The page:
The issue of nurses striking is a very troubling one. It is extremely difficult to arrive at a moral decision. However, many sides need to be looked at in order to make one. I made my decision by looking at the strike from the nurses" point of view, the administrators" point of view, my personal experience, Christian teaching, and the teachings of the Catholic Church. Having looked at all possible information, I feel confident that my final judgment was the moral one.
The first information I examined was the nurses" reasons for holding a strike. For instance, they feel that patients" lives are in serious danger, even during routine surgery. They feel that the hospitals are understaffed, and that the nurses are overworked. As a result, patients are not given the best care. They say they are often forced to ignore potentially life-threatening situations, such as high fevers. They also say that they are unable to personally care for patients, and do things like comfort them, since they have so little time. In addition to this, patients are often discharged before they should be, in order to cut costs. Nurses also have more monetary reasons for striking, such as their low wages.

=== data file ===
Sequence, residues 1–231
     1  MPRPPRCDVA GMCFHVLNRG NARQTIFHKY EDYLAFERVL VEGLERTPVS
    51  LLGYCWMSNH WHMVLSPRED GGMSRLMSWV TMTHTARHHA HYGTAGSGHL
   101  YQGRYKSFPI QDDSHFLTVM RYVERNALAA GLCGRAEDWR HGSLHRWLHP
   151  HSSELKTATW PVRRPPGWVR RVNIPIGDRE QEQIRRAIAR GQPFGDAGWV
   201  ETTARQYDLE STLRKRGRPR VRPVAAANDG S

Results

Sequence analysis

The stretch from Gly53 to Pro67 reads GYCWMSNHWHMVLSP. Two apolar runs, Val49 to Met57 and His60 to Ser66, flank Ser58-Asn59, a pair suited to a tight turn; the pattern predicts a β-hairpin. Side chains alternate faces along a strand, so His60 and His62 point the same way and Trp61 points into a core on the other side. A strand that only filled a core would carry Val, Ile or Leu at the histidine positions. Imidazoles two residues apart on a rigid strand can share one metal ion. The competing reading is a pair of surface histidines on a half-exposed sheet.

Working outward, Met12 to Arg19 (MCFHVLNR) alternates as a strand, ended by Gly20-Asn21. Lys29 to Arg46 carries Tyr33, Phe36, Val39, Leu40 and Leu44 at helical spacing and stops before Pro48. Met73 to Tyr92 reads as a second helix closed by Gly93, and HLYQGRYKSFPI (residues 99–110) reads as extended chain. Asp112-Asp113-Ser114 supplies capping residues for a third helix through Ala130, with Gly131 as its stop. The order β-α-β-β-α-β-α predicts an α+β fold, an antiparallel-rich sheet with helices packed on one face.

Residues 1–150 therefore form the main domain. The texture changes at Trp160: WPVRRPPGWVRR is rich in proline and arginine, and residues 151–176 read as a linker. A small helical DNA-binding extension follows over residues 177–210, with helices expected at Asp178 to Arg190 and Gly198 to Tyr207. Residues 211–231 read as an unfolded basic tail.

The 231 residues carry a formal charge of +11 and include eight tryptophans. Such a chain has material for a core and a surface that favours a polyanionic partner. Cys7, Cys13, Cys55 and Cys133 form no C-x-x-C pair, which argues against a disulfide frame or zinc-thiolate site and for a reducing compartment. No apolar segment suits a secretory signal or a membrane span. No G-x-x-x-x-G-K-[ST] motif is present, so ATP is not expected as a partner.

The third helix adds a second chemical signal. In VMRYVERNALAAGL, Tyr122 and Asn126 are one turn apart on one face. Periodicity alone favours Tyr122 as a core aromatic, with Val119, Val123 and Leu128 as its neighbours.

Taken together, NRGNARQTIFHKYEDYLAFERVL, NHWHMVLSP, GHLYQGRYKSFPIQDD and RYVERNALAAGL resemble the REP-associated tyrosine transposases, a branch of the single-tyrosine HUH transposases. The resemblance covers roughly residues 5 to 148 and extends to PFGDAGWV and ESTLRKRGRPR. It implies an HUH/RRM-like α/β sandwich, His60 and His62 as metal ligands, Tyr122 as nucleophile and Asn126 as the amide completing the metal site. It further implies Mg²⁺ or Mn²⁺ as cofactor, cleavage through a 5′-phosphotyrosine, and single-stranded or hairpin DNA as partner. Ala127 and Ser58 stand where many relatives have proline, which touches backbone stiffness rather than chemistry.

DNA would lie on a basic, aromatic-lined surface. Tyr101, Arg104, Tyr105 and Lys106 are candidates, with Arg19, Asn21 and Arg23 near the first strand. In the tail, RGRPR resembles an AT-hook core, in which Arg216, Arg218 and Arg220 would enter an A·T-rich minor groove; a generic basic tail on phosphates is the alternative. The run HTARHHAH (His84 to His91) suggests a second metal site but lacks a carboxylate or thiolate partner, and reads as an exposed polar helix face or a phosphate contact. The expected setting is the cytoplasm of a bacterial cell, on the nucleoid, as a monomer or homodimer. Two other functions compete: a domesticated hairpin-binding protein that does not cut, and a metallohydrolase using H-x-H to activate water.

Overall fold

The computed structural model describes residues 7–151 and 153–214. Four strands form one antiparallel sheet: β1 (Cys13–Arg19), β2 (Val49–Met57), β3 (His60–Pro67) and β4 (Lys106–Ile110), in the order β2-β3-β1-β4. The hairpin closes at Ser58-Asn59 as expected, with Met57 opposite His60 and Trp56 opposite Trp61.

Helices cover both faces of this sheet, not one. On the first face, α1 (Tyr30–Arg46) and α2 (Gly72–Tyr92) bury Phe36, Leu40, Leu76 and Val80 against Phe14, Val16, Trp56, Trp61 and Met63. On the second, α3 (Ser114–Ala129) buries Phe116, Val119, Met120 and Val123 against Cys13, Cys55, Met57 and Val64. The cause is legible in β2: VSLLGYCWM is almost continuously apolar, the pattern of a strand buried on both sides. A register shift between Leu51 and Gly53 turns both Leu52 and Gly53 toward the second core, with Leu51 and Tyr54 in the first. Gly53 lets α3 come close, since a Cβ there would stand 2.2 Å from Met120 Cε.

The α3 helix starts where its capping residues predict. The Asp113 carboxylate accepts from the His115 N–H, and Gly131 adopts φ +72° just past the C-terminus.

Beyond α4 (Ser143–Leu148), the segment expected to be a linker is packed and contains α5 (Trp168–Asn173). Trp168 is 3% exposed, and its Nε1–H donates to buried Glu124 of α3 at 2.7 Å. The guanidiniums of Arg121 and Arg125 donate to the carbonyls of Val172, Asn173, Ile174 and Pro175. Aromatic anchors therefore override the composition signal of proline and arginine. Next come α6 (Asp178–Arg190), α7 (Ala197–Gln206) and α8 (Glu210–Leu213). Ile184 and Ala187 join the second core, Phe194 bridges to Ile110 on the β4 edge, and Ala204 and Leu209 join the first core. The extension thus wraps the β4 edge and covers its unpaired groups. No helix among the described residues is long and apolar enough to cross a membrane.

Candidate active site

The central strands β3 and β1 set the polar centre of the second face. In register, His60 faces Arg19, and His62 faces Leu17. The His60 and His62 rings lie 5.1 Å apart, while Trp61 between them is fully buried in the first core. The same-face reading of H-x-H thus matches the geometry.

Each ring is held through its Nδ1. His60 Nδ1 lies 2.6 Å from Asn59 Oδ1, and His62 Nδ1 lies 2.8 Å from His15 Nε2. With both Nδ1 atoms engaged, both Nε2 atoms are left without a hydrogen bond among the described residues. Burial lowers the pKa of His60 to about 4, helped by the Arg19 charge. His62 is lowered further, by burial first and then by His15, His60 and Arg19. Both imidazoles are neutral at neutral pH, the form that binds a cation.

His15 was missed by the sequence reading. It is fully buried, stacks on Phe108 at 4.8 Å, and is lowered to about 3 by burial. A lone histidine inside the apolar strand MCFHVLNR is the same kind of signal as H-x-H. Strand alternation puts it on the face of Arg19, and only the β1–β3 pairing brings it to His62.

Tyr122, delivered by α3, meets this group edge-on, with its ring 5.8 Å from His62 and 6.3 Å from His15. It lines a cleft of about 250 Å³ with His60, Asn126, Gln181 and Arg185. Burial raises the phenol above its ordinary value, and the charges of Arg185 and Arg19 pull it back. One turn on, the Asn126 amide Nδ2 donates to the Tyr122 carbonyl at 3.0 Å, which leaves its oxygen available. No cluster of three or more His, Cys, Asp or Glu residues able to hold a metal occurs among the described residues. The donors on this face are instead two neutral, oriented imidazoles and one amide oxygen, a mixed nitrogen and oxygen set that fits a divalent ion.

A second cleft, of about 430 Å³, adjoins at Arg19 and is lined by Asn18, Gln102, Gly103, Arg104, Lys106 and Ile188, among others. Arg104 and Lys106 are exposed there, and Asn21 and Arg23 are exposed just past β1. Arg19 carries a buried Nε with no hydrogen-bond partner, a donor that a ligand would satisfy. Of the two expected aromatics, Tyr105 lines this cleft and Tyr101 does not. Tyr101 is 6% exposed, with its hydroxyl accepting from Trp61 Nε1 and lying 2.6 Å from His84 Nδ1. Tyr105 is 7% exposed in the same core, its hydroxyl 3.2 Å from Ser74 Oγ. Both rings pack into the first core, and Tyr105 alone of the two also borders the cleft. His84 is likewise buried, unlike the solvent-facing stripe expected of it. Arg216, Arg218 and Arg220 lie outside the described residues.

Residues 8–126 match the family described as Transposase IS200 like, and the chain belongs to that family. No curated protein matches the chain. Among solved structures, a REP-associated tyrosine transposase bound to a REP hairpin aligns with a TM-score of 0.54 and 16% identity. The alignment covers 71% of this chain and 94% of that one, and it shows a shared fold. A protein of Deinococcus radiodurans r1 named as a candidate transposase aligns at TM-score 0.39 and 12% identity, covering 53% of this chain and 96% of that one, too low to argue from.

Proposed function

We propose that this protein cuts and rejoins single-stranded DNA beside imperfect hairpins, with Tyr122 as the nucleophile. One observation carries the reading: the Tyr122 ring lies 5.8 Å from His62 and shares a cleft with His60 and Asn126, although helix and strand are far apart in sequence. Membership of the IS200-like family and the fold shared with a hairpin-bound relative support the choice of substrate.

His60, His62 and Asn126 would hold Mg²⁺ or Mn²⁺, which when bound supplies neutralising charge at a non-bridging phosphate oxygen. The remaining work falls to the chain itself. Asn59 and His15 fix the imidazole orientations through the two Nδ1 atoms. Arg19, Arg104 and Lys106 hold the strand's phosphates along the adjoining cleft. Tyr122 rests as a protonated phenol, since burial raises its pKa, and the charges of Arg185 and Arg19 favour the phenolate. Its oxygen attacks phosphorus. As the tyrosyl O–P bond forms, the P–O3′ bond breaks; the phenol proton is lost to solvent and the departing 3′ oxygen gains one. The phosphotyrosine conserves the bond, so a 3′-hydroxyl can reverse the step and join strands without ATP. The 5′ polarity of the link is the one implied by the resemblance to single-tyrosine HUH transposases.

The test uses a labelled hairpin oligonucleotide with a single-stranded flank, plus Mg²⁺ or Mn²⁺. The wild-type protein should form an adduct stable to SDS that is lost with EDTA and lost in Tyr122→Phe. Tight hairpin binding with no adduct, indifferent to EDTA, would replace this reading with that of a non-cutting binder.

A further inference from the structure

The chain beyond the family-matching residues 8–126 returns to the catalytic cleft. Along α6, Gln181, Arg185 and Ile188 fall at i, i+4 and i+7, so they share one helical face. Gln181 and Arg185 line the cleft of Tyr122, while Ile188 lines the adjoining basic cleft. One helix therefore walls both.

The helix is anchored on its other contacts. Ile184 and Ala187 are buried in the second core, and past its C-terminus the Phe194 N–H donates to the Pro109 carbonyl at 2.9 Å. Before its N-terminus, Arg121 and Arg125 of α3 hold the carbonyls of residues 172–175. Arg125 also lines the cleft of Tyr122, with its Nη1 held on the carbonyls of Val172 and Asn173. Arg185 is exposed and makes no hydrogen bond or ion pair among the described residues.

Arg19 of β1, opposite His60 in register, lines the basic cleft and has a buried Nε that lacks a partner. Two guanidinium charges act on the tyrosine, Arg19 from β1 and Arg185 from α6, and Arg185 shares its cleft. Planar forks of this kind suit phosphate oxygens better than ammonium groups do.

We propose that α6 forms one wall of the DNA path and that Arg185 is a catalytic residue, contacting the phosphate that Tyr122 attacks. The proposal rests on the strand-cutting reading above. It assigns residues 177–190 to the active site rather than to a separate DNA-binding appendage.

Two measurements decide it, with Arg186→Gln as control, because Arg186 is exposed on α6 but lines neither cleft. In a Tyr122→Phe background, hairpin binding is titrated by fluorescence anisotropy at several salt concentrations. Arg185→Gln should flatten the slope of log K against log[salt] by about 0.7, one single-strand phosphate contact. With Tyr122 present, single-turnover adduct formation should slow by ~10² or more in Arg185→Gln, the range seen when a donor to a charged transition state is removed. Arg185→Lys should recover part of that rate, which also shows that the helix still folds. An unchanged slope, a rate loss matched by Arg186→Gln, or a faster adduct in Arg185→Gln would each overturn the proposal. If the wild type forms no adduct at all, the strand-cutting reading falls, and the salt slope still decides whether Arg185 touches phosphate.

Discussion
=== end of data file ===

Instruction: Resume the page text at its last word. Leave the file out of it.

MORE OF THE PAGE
After looking at the nurses" reasons for striking, I examined the administration's reasons for opposing it. First, they need to compete like any other business. At times they must function like a business in order to stay open. They point out that hospitals often lose money, and they cannot afford to spend any more. Administrators also point out that strikes discourage people from becoming nurses, and more nurses are desperately needed.
After considering both the nurses" and the administrators" sides, I looked at my own personal experience. Over the summer, I spent time in a hospital as a patient, and nurses were mostly the ones who looked after me. Often my heart monitor's alarm would go off, and a nurse would not show up for ten to fifteen minutes.